992 F2d 1541 Knight v. State of Georgia

992 F.2d 1541

62 Fair Empl.Prac.Cas. (BNA) 4, 61 Empl. Prac.
Dec. P 42,348,
61 USLW 2788

Walter S. KNIGHT, Plaintiff-Appellee,
v.
STATE OF GEORGIA; Georgia Department of Public Safety and
Curtis D. Earp, Jr., as the Commissioner of the
Georgia Department of Public Safety,
Defendants-Appellants.

No. 92-8206.

United States Court of Appeals,
Eleventh Circuit.

June 14, 1993.

Susan L. Rutherford, Asst. Atty. Gen., Atlanta, GA, for defendants-appellants.

Karen R. West, Larsen & West, William Washington Larsen, Dublin, GA, for plaintiff-appellee.

Appeal from the United States District Court for the Southern District of Georgia.

Before ANDERSON and DUBINA, Circuit Judges, and CLARK, Senior Circuit Judge.

ANDERSON, Circuit Judge:

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1

This case poses the question of whether a Georgia law requiring state police officers to retire at age 55 should be deemed "a subterfuge to evade the purposes of [the Age Discrimination in Employment Act of 1967 (ADEA), 29 U.S.C. §§ 621-634]." We hold that the law, O.C.G.A. § 47-2-223(c), is not a "subterfuge" within the meaning of ADEA § 4(j)(2), 29 U.S.C. § 623(j)(2), and thus is exempt under § 4(j) from the ADEA's general ban on mandatory retirement rules. We therefore reverse the ruling of the district court denying the State of Georgia's motion for summary judgment and remand this cause with instructions that the motion be granted.

I. FACTS AND PROCEEDINGS BELOW

2

Plaintiff-appellee Walter S. Knight was employed by the Georgia Department of Public Safety as a state trooper from July 13, 1970, until July 31, 1988, when at age 55 he was forced to retire pursuant to O.C.G.A. § 47-2-223(c),1 Georgia's state trooper mandatory retirement law. Challenging the mandatory retirement statute as violating the ADEA, Knight filed an administrative charge with the Equal Employment Opportunity Commission (EEOC) as required by 29 U.S.C. § 626(d). Pursuant to a worksharing agreement, the EEOC referred the charge to the Georgia Office of Fair Employment Practices which failed to obtain relief for appellee. Once his right to sue had accrued, appellee initiated this action on July 7, 1989, requesting that the district court declare the mandatory retirement plan illegal and order that he be reinstated and awarded backpay and retroactive benefits. Defendants-appellants, the State of Georgia, the Georgia Department of Public Safety, and Curtis Earp, moved for summary judgment on the ground that ADEA § 4(j), 29 U.S.C. § 623(j), exempts the Georgia state trooper retirement law from the ADEA's otherwise general ban on rules requiring retirement before age 70. On January 27, 1991, the district court denied the motion, finding that the Georgia law constitutes a "subterfuge to evade the purposes of [the ADEA]" and therefore does not qualify for the § 4(j) exemption. The district court subsequently certified its order as one appropriate for interlocutory review by this Court pursuant to 28 U.S.C. § 1292(b), and we agreed to hear the appeal.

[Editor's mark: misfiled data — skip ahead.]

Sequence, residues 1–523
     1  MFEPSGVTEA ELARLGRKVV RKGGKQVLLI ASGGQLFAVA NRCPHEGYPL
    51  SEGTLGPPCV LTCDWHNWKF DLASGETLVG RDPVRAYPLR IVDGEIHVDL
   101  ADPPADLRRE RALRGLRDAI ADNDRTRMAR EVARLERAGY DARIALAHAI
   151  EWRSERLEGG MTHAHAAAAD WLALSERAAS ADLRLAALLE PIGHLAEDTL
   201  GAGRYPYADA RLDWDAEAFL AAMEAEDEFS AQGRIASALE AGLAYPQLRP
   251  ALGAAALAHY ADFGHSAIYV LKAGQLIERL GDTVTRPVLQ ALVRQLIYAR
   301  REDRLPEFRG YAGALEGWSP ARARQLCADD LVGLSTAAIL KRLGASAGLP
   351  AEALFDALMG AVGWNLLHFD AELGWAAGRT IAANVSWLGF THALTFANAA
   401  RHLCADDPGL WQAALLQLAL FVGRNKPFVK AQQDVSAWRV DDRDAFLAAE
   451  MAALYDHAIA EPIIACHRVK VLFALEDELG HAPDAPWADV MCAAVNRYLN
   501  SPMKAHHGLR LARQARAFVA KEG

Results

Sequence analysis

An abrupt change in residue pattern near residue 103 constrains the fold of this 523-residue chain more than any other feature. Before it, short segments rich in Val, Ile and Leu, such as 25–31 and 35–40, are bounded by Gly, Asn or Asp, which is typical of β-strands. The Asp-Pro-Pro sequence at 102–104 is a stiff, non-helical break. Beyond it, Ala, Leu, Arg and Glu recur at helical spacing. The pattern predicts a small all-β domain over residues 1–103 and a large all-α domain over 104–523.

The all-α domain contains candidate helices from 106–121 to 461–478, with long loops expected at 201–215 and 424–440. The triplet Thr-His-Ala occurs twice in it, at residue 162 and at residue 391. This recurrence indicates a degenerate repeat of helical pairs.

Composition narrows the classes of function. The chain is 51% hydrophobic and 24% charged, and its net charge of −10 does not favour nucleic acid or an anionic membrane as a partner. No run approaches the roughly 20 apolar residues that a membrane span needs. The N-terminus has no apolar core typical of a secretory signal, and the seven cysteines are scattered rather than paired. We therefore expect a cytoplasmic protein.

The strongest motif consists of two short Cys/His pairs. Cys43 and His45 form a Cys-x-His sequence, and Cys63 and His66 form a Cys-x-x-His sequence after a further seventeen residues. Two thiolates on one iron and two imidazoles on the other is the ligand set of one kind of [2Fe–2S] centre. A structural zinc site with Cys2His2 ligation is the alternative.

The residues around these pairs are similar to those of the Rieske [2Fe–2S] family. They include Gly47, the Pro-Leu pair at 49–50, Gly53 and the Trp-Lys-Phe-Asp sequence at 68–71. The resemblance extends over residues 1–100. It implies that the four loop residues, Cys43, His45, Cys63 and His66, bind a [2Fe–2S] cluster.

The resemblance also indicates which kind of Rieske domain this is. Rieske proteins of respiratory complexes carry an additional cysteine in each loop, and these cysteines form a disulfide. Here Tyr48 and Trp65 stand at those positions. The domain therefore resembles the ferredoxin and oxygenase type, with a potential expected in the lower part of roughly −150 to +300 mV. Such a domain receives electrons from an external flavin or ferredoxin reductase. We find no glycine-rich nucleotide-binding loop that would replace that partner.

II. DISCUSSION

3

A. HISTORY OF THE GEORGIA STATE TROOPER RETIREMENT LAW

4